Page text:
When watching SHOCK THEATRE in the familiar surroundings of one's own home, an atmosphere of fun mixed with monsters - a monstrous fun if you will - was felt. These horror hosts and hostesses created a milieu where all of the popular screen monsters cohabited in the same neighborhood. One could imagine strolling down the main street (of 'Monstertown, USA?') and alternately encountering on a friendly basis Dracula, nicknamed 'Drac,' the Frankenstein Monster, nicknamed 'Frankie,' hunchbacks, witches and ghouls of all sorts. In some cases these neighborhoods were conveniently referred to as Transylvania. In print, monster magazines created a similar milieu. Images of a publishing house with offices populated by several assorted Transylvanian creature types are evoked.
Famous Monsters of Filmland often used Transylvania in it's text on the back cover. Calvin Beck's Journal of Frankenstein and early issues of Castle of Frankenstein listed Baron Victor Frankenstein III as the editor while referring to his publishing company as Gothic Castle Publishing. Here one could equally imagine a printing press set up in a dark, cobweb filled dungeon being operated by Fritz the hunchback. To further tie in TV horror-fun with printed horror-fun, Horror Monsters regularly offered a feature listing casts and synopsis of horror films under the title 'Shock Theatre.' A complete listing of where SHOCK! could be seen around the country was listed in the first issue of Famous Monsters of Filmland. As part of this article, titled 'TV Means Terrifying Vampires,' a generic 'Frank' (someone in a rubber Frankenstein monster mask, like on the magazine's front cover) and his 'ghoul friend' (a bizarre beatnik type) were featured. The only SHOCK! hostess to be pictured and named was Ottola Nesmith of KTLA. By issue number 2 of FM an article titled 'Terror Vision' appeared profiling more SHOCK! hosts and hostesses. Now named and pictured were; Marvin (twice), Dr Meridian, Gorgon the Gruesome, The Hunchback of Notre Doom and the Tarantula Girl, aka, Tarantula Ghoul, ( Suzanne Waldron), Roland (John Zacherle), Warren Reed and his assistant 'Frankie' (yet another rubber mask) and Selwin (Ray Sparenberg). Mentioned in the text were; Dr Lucifer, David Allen, Milton Budd, Mad Daddy (Pete Myers), Terrance, Chuck Zink and his assistant Screaming Mimi, and a mention of someone from a not-too-distant bygone era; Vampira. Yet by the time FM number 2 appeared, fall of 1958, specifics of SHOCK! were changing. For example, WCAU's Roland had left Philadelphia and started a second season at New York City's WABC now known by his real name; Zacherley (the 'y' was added to the spelling). Being a true TV phenomena, the SHOCK! madness had also attracted the attention of non-monster journalists and consequently was given coverage as major features in national publications.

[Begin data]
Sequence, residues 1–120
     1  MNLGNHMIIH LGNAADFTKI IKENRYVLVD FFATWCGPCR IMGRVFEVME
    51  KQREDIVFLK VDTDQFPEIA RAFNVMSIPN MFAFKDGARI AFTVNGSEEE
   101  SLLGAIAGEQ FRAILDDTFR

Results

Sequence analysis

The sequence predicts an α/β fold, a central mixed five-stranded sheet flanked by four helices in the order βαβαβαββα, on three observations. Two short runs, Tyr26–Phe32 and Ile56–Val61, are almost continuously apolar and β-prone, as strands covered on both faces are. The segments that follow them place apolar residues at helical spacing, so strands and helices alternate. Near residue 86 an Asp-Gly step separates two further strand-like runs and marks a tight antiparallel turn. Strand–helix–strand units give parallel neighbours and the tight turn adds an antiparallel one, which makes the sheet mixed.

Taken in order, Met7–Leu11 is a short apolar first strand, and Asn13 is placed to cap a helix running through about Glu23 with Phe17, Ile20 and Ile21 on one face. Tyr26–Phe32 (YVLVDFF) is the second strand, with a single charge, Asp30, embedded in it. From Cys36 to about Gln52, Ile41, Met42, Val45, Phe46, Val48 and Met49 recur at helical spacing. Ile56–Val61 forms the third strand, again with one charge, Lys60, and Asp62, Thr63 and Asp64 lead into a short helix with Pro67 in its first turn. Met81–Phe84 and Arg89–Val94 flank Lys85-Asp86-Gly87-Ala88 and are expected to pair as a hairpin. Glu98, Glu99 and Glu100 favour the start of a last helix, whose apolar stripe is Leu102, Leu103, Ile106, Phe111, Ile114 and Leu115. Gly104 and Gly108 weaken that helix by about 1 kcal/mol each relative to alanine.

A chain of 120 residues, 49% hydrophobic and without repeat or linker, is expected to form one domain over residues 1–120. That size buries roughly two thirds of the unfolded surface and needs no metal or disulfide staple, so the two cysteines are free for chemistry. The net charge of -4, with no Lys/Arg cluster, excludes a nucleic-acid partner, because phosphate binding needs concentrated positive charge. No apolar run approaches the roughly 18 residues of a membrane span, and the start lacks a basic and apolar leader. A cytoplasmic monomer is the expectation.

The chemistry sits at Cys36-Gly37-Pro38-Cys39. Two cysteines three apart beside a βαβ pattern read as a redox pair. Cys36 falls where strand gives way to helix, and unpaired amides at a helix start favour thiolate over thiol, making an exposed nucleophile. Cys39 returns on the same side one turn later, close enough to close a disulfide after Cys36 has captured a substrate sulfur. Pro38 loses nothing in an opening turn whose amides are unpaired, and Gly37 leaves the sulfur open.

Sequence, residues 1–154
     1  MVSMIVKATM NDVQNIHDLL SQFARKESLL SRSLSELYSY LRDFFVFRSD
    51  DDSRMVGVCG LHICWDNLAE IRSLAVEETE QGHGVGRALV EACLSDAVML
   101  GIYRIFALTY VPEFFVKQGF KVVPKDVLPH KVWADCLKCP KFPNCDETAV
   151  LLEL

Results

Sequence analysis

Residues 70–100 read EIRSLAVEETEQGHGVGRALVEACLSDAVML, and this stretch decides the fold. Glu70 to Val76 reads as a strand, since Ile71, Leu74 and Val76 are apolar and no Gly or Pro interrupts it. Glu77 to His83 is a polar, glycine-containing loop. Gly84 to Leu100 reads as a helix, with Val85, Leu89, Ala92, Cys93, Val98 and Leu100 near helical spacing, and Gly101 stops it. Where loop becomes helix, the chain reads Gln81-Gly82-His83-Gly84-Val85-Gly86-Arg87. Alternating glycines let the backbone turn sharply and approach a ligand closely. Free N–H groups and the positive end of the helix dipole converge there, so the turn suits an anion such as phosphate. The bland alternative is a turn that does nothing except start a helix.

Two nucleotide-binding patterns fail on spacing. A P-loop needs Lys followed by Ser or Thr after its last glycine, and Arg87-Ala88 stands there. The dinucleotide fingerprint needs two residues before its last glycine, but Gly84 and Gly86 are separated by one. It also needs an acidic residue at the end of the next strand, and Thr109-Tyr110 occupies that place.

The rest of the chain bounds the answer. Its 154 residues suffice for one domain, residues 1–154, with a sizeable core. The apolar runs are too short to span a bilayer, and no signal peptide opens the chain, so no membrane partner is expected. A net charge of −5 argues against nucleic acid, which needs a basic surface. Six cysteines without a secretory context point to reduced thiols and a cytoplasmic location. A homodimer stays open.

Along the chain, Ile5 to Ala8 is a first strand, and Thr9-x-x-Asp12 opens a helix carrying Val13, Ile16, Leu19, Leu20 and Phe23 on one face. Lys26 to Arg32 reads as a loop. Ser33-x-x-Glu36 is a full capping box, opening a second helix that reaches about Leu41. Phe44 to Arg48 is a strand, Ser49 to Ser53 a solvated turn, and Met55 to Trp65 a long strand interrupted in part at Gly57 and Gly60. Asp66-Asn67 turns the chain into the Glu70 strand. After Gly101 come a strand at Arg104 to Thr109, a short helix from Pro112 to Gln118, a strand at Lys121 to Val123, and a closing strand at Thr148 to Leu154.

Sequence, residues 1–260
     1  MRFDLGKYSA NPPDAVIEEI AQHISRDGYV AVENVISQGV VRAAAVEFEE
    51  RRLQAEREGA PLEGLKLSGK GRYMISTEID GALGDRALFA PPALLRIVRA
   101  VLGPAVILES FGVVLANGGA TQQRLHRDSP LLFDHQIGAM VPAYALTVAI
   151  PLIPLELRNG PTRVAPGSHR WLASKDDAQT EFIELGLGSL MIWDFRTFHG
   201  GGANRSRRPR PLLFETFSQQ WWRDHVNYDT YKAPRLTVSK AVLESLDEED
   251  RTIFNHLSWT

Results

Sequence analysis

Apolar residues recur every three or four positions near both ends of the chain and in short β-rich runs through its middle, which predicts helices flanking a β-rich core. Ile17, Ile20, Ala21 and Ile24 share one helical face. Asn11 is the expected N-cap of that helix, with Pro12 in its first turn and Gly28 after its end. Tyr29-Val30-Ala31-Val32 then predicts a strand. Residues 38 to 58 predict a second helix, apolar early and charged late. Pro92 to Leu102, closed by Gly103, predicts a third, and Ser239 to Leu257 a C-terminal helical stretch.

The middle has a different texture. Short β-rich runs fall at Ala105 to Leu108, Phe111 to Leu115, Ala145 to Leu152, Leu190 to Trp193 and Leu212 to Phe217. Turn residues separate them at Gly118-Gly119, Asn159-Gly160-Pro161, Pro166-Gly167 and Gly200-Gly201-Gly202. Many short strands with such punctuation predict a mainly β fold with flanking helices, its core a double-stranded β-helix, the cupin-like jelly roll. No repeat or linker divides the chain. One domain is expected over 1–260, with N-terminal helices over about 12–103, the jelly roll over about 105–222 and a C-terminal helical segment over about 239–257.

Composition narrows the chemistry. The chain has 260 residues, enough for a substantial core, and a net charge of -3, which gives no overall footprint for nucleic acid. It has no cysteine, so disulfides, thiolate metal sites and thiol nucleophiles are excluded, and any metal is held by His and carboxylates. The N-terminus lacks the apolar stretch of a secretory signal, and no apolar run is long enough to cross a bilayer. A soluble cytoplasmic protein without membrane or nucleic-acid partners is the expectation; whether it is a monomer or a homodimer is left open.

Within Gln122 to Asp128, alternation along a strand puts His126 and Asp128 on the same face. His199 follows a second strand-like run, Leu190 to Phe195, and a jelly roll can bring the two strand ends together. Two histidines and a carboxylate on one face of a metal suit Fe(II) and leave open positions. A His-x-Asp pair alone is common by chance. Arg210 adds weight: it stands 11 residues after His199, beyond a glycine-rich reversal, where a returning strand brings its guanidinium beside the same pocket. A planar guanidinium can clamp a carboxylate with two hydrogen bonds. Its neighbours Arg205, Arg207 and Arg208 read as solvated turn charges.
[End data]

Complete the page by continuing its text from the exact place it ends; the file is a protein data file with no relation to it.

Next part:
TV Guide of March 29, 1958 carried an article titled, 'What a Revoltin' Development!' and featured Marvin (as Terry Bennett), Milton Budd, Terrance (Russ Coglin), Miss Tarantula Ghoul, George Byram, Chuck Zink, Gorgon (as Bill Camfield), Dr Lucifer, David Allen, Roland, a photo of the 'WTVJ creature' puppet head and, like the FM #2 article, Vampira in a past tense. Life magazine of May 26, 1958 featured a three page pictorial titled 'Night Harbingers of Horror' and pictured John Barclay, Warren Reed, John Zacherle (not named Roland) Gorgon and Ottola Nesmith. Look magazine of Aug 16, 1958 featured a four page article titled 'TV's Midnight Madness,' mainly highlighting Zacherle. Three photos of Zach were included, one of him out of makeup and tending his garden. Also mentioned were Marvin, Dr Lucifer, Ottola Nesmith, Terrance and Gorgon. Also pictured were Ottola Nesmith, Marvin, Dr Lucifer and two unidentified in rubber masks. Also sometime in 1958 appeared a 'dossier' type of feature on Zacherle, Milton, Dr Lucifer, Gorgon and a few others in TV Star Parade. This list could go on to include articles in local newspapers, Sunday magazine suppliments and numerous other 'TV fan' types of magazines. When the SHOCK! furor died down, select horror hosts continued to find mentions in the pages of monster magazines.